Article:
Collaboration | Doing Life with Others

I filled an entire journal in the month before turning 24-years-old. (It was dramatic, I promise.) I graduated from college exactly two years earlier, started a career, set it aside for graduate school, and then dropped out of school. I was turning 24 and in the same situation as two years before. Only, it is socially acceptable to be a jobless graduate at 22, but being a jobless grad school dropout at 24 seems concerning.

In that month, I made a list of all the adult-ish things I thought I should be doing by this age. Things like Wax car each weekend and Stick to a regular bedtime, which I promptly disregarded the same evening by eating strawberries, wearing a flower crown, and reading until sunrise.

But by my birthday, I chunked the list—people have developed regular bedtimes for centuries without any sort of self-improvement plan—except for one point. I wanted to learn to swing dance.

That’s how I ended up in rehearsal room several nights each week that humid summer. The plan was to learn Lindy Hop, a flapper style swing dance to jazz and big band music. But the lessons I learned there would twirl right off the dance floor and into my daily life.

The first thing I learned was that practicing with another human is sweaty and sticky business. Engaging in life with another person is messy.

One evening in particular, we struggled to complete a move in the correct beat count because I kept swiveling my body in a wide arc rather than stepping directly ahead. It took twice the count, looked half as good, and threw us off beat each time.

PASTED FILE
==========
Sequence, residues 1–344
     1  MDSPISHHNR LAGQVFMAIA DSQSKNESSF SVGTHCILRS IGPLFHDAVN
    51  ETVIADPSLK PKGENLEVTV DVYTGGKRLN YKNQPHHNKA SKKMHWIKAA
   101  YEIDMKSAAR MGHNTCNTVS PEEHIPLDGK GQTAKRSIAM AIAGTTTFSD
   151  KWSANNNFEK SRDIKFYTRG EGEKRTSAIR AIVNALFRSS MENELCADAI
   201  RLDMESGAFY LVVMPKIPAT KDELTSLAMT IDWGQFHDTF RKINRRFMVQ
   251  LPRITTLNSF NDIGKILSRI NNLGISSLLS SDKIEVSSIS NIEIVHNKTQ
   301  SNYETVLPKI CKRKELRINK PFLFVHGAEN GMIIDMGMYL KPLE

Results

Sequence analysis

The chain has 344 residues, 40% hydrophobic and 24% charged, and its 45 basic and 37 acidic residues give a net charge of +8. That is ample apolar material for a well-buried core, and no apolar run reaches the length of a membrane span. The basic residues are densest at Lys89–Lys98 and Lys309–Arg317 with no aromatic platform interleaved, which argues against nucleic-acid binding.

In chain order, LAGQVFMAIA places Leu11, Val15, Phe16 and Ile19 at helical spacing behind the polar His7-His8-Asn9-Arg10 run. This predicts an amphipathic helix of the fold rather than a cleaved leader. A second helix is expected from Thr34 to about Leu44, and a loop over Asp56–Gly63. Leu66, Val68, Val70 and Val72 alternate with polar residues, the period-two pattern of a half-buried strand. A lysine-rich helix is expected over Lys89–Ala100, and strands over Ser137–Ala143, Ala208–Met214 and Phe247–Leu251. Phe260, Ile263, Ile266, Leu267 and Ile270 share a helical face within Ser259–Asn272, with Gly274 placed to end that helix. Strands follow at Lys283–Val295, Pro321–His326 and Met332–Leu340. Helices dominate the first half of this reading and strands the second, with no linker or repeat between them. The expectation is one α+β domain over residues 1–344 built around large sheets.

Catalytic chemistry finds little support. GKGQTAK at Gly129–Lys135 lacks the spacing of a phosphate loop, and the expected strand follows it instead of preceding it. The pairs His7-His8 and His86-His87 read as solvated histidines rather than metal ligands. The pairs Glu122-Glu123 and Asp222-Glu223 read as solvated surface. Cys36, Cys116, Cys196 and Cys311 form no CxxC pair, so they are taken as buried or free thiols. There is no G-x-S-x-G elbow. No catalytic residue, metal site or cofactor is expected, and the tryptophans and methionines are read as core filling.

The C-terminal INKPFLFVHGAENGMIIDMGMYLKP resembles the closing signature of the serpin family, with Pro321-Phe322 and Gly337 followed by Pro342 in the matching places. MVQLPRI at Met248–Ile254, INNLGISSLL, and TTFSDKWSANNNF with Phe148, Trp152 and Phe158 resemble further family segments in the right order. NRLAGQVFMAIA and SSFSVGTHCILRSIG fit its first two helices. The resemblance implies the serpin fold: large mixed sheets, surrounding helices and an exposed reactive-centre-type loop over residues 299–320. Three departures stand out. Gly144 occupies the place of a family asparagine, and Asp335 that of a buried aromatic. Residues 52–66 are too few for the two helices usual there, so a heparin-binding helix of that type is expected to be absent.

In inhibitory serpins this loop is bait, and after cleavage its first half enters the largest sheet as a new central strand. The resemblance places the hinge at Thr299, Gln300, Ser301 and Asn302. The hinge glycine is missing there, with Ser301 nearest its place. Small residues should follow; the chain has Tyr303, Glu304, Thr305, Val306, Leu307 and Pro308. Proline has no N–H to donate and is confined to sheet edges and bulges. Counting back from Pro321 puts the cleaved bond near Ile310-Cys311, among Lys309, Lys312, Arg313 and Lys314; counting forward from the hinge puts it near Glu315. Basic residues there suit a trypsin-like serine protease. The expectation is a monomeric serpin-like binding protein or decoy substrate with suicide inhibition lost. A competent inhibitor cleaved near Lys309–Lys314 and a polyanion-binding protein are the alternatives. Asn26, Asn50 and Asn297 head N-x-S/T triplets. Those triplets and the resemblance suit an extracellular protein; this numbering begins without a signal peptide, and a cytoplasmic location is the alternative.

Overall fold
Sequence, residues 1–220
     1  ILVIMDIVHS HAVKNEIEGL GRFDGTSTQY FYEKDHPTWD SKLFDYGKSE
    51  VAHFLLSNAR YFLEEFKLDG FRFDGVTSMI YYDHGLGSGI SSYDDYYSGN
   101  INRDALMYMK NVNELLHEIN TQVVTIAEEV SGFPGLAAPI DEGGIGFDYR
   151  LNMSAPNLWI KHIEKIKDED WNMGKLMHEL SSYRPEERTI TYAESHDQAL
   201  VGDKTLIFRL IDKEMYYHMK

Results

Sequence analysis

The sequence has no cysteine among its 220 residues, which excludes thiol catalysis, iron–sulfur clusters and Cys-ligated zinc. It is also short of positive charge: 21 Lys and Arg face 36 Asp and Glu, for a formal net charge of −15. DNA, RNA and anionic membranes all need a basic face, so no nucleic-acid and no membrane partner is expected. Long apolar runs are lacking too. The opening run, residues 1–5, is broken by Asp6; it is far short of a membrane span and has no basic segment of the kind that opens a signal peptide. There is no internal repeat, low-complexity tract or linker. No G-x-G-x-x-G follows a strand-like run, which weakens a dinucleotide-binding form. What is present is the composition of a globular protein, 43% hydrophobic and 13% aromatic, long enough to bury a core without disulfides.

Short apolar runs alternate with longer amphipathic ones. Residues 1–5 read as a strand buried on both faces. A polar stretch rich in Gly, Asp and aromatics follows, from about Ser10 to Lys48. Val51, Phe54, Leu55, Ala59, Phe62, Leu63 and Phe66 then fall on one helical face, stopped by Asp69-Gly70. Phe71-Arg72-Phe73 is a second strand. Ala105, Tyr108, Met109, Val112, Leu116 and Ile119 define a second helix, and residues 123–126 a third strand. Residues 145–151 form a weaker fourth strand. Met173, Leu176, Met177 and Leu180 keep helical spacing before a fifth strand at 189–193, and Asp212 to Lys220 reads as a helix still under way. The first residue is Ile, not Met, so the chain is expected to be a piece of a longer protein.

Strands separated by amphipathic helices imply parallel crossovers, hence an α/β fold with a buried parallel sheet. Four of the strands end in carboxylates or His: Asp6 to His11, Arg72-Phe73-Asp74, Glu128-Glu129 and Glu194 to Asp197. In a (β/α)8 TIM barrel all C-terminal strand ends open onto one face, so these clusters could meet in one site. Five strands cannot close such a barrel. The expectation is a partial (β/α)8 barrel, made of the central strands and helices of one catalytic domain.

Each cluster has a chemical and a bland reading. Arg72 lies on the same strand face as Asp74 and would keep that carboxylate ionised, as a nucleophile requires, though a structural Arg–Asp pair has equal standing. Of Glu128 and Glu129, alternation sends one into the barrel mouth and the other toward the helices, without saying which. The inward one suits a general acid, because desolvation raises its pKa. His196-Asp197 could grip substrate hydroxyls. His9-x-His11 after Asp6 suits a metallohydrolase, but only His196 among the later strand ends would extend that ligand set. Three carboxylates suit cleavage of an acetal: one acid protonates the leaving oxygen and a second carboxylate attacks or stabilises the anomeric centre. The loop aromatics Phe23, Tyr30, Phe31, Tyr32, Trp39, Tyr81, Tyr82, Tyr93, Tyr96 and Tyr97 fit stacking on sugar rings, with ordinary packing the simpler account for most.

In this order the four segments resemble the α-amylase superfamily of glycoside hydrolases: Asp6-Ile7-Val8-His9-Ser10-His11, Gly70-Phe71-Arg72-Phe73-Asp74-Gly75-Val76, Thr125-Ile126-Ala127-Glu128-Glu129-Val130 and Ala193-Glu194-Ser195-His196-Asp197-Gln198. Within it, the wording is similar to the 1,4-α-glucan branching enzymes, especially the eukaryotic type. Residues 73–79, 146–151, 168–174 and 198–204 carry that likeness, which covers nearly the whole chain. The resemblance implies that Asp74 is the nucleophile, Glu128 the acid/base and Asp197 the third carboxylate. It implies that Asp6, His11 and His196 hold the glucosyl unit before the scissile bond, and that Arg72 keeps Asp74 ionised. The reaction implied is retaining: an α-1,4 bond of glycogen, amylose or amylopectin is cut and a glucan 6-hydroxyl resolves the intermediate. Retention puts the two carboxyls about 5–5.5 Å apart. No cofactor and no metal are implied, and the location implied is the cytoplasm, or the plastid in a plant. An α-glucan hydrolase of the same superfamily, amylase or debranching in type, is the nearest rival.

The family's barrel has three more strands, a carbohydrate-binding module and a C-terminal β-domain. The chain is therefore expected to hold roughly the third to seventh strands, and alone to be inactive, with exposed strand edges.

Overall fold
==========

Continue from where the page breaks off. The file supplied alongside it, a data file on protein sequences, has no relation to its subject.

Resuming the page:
You should know that I can’t think and count at the same time. During ping-pong matches, my opponents always keep the score because I can’t play the game and simultaneously remember the score.

Now as my partner was counting the steps, I was completely distracted by the sweat beginning to drip down my forehead and through my eyebrows. I was dangerously close to sweating on a perfectly nice human who had done nothing to deserve it. Maybe I didn’t want him to know that I, too, am a human, capable of sweating in humid summer conditions, or maybe I didn’t want to share my sweat. But for whatever reason, I felt gross, and I wanted to keep that grossness to myself.

My gracious partner realized what was going on. “It seems,” he ventured, “that you are swinging your hips all the way out…” And suddenly, I felt so uncomfortable and exposed. The other human was about to figure out that I sweat.

Then I was annoyed that I felt uncomfortable.

Finally, I blurted, “I don’t know. I mean…we’re just two sweaty people trying to dance.”

When you can’t avoid it, you might as well call it. After a minute or so, he stopped laughing and picked himself off the floor, and he didn’t abandon me in my puddle of sweat, disgusted with my humanness. Instead, he took my sweaty hand in his sweaty hand and we picked up where we left off, practicing the step and counting beats.

We learned the step. I learned that it’s more fun to be sweaty people dancing together than a lone, clean performer.


Collaboration | Intro

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